A Billion Grains of Rice

Reflections on Social Network Content Blocking & Censorship

A few days ago there was a tremendous kerfuffle regarding the Kim Phuc “Napalm Girl” photo, and Facebook “censorship”. Over on Twitter, Dan Hon posted a not-terrible tweetstorm, raging against “Silicon Valley” regarding the matter. Some extracts include:


“it’s difficult to create a distinction between allowing a photograph of a nude child in one instance and not others” — NO SHIT SHERLOCK


Facebook: some things are difficult and worth doing (Internet access to 1bn people). But others are TOO HARD we’ll just give up.

…and, edited for clarity…

This is why you get a bad rap, Silicon-Valley-In-General. You (legitimately) excitedly talk about solving (some) hard problems while *literally giving up* and saying it’s too hard for other ones that are equally important. You can’t have it both ways.


You know what’s also difficult? Scaling a comms platform to over a billion daily active users! BUT YOU MANAGED TO DO THAT, DIDN’T YOU.

…and, again edited for clarity…

Did you know, Tech Industry, that the rest of society figured out how to address these gray areas? That law is designed to be malleable? That we have mechanisms for review, independent things like “courts” that help us figure out what’s porn and what’s not? And that sometimes dealing with those Difficult Problems that result from people using the stuff we made by solving other Difficult Problems requires thinking about those problems in a different way, and scaling and building structures in different ways? But noo we’re engineers and software engineers at that and we like neat things that fit in boxes and if we can’t fit them in boxes, TOO HARD

I’m a former Facebook engineer and while working there I learned that people, myself included, can have real problems addressing “scale”. One of the most useful self-exercises I learned was to “visualise 1 billion”. Why? Facebook claims more than 1.7 billion monthly active users, which is a big number with lots of zeros after it — 1,700,000,000 — but when we put the “billion” label on it the immensity and cost can feel “neutralised”.

So let’s start by rounding it down to 1 Billion; for purposes of visualisation, what does a billion grains of rice look like, roughly? You can read the maths and citations in this post’s first part, but here’s the punchline:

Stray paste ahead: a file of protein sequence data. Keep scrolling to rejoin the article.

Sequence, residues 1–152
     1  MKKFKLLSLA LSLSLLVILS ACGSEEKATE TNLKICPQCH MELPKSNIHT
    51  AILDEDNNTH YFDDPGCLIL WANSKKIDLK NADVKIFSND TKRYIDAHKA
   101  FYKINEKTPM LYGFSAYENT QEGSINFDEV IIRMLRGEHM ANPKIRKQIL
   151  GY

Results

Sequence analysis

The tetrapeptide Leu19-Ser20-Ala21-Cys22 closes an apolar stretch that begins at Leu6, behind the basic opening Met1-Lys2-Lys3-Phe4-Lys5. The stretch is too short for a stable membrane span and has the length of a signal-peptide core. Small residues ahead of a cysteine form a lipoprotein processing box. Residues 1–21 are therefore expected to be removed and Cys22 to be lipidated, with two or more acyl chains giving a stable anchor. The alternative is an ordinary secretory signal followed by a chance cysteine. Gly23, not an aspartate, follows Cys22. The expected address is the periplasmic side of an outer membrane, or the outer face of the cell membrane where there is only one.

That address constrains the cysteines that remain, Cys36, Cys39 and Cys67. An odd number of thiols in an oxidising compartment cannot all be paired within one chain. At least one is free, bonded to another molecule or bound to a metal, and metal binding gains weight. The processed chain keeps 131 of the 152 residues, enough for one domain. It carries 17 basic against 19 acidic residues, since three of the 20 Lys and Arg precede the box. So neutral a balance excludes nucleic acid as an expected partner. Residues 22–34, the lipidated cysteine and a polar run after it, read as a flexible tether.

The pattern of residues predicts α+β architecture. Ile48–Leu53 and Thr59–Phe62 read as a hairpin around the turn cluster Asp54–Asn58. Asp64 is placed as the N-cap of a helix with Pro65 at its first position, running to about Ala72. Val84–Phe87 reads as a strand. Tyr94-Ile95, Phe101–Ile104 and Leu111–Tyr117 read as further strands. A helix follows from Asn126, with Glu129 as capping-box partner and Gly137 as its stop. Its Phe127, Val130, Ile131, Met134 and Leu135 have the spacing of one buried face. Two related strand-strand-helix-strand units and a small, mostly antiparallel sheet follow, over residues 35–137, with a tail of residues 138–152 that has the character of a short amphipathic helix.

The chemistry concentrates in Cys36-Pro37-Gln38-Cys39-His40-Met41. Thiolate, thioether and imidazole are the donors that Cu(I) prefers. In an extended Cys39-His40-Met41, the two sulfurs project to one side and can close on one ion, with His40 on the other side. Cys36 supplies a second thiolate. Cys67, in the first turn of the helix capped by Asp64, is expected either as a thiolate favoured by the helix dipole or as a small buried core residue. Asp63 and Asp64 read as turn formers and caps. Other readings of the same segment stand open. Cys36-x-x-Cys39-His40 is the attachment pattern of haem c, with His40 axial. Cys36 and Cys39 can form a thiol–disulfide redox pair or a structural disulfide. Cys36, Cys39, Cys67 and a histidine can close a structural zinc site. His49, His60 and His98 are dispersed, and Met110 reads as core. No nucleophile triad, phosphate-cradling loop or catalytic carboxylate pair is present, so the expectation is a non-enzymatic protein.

• Assume: 64 grains of rice = 1 gram
  • 1 billion grains weight = 15,625kg, 34447lb, 15.63 tonnes, 17.22 US tons
  • Assume: density: 1.22l/kg
  • 1 billion grains volume = 19 cubic meters
  • Assume: conical mound, 45-degree sloping sides
  • 1 billion grains mound = 2.63m tall (8.62ft) diameter 5.26m (17.26ft)

There’s a huge mound of rice, much taller than you, and it weighs a lot.

A Billion People, A Billion Postings…

So if we have a 1.7 billion users, and some of them log in once per month and post nothing, whilst others are permanently connected and post several things per day, how many items would they post on a daily basis?

I don’t know the specifics, but clearly the number will also be in the order of 1 billion items posted per day. How can I justify this? Because frankly a factor of 10x or 30x, up or down, will not make much difference to the following figures and argument, so let’s go with our figure of 1 billion again.

Say that we have a billion grains of rice in a 15.6 tonne, 2.6m-high mound, and amongst them are some rice-like mouse droppings. Not many mouse-droppings but we obviously want to expunge all the poop. So we hire a team of rice-inspectors to check individual grains for poopiness, and they have to complete it in 24 hours because another billion grains arrive tomorrow.

How many rice-inspectors will we need, and how much will they cost?

Again, see the math in the previous article, here’s the punchline:

  • Assume perfect focus, no bathroom or food breaks, 8 hour shifts
  • Assume inspection of 1 grain = 6 seconds; 10 inspections per minute
  • One inspector = (8 * 60 * 10) = 4800 inspections per day
  • 1 billion postings / 4800 = 208,333 inspector-shifts per day 
    (i.e. 208k inspectors/employees)
  • Assume salary $10/hour
  • Daily salary cost = 208333 * 8h * $10 = $16,666,640;
    Annualised = $6.1 billion, ignoring buildings, management, insurance, other costs, etc.

So we would be paying $6.1 billion per year for 208,000 overworked employees to comb over our daily mound of rice looking for mouse droppings. This sounds absurd, but — returning to the substance of Dan’s tweetstorm — this is the “order of magnitude cost” we’d be discussing to implement human review of every piece of content posted in a day.

If somehow we were to drop the human requirement by 30x — and remember that we’re modelling this with perfect execution, 6-seconds per item, without HR, management, infrastructure & other costs, let alone bathroom breaks or “living wage” — if somehow we got a 30x efficiency boost, then we’d still be dealing with 7000 reviewers at $560k/day — $204mn annualised basic salary cost, ignoring the other costs.

Why Do This Math?

So I posted on my friend Owen’s timeline, regarding Dan’s tweetstorm: